It is therefore an object of this invention to provide apparatus for printing two color separation negatives having the same image characteristics as bi-pacl: negatives in combination upon a single positive film in such manner that the resulting positive film will' consist of successive pairs of color separation images, the two images constituting each pair being of the same motion 40 phase of the subject and in which successive pairs of images are of successive motion phases of the subject.
Another object of this invention is to provide 45 means whereby adjacent frames of a negative film.may be printed upon a positive film in a spaced relation in such manner that the adjacent images of a second negative may be printed upon the same positive film so as to occupy the spaces left between the images printed from the first negative film. The apparatus by which these and other objects which will presently appear are accomplished are best understood by referring to the following specification and to the accompanying drawings in which,
such a positive film. One method is by direct Figure 1 is a side elevation of a section of the device taken along the line I-| of Figure 2,
Figure 2 is an end elevation of a section of the device taken along the line 2-2 of Figure 1,
Figure 3 is a diagram showing the method of placing the images from the two negatives upon the positive film, and I Figure 4 a side sectional View taken along the line 44 of Figure 2 showing the method of driving the shutter and the continuous film feed sprockets.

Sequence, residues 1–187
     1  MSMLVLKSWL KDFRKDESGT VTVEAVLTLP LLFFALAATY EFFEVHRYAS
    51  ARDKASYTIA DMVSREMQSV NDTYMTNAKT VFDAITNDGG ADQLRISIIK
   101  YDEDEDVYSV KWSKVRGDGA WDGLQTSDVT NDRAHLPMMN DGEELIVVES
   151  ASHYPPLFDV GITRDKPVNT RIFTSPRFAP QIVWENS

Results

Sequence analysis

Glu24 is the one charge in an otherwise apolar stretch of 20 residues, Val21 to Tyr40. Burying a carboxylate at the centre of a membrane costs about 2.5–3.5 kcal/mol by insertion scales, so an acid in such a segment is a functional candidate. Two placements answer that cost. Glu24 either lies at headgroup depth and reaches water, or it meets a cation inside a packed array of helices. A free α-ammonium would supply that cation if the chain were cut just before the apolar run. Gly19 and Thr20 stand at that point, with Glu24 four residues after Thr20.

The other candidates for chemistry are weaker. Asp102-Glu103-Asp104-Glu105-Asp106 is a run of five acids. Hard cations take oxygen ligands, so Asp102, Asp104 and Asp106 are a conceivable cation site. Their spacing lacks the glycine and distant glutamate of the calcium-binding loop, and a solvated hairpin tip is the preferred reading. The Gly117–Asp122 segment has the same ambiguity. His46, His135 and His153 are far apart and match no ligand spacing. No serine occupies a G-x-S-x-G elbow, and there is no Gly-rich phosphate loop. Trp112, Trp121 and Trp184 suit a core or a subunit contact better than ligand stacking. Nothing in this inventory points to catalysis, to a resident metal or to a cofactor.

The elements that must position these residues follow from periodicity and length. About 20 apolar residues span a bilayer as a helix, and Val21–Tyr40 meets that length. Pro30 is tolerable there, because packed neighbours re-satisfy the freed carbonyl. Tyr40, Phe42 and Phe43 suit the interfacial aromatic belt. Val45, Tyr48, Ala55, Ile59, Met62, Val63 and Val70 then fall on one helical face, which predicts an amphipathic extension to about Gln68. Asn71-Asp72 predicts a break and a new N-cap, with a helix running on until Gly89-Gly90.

In the drawings (see Figure 3) the numeral Iii designates the one of a pair of color separation negatives, exposed in a motion picture camera by the bi-mack method or its equivalent, which carries images of the subject photographed by red light, and the numeral II designates the negative of the same pair which carries the images of the subject photographed by green light. The image in the frame RI of the negative It and the image in the frame Gt ohthe negative I I are presumed to have been made simultaneously so as to record identical motion phases of't'he subject. Similarly frames R2 and G2 are to be made simultaneously etc. The numeral l2 designates a positive film, printed according to this invention. The lines drawn between the circles on the negatives and those on the positive show the location, upon the positive, of the frames printed from the two negatives. The method of printing is as follows: The exposed negative H and the unexposed positive film I2 are passed through a printing device, to be described later, and the frames GI, G2, etc., are printed from negative II to positive i2. By means of two intermittent mechanism, one for the negative and one for the positive, the positive is advanced a space equal to two frames and the negative is advanced one frame between each printing. A shutter mechanism cuts off the printing light during the period the films are being advanced. Thus the frames GI, G2, G3, etc., are all printed upon the positive but an unexposed space equal to a frame is left between each frame printed. Then the positive film is again passed through the printing mechanism. This time with the negative film I0 and the frames RI, R2, R3, etc., are printed upon the positive film in the spaces left unexposed in the previous printing. Upon completion of this operation the sequence of frames upon the positive film I2 will be GI, RI, G2, R2, etc., as shown in Figure 3. After developing and other suitable processing the positive film I2 will be ready to project by means of the projection ap- 56 paratus described in our United States Patent No. 2,060,503 or other suitable means. v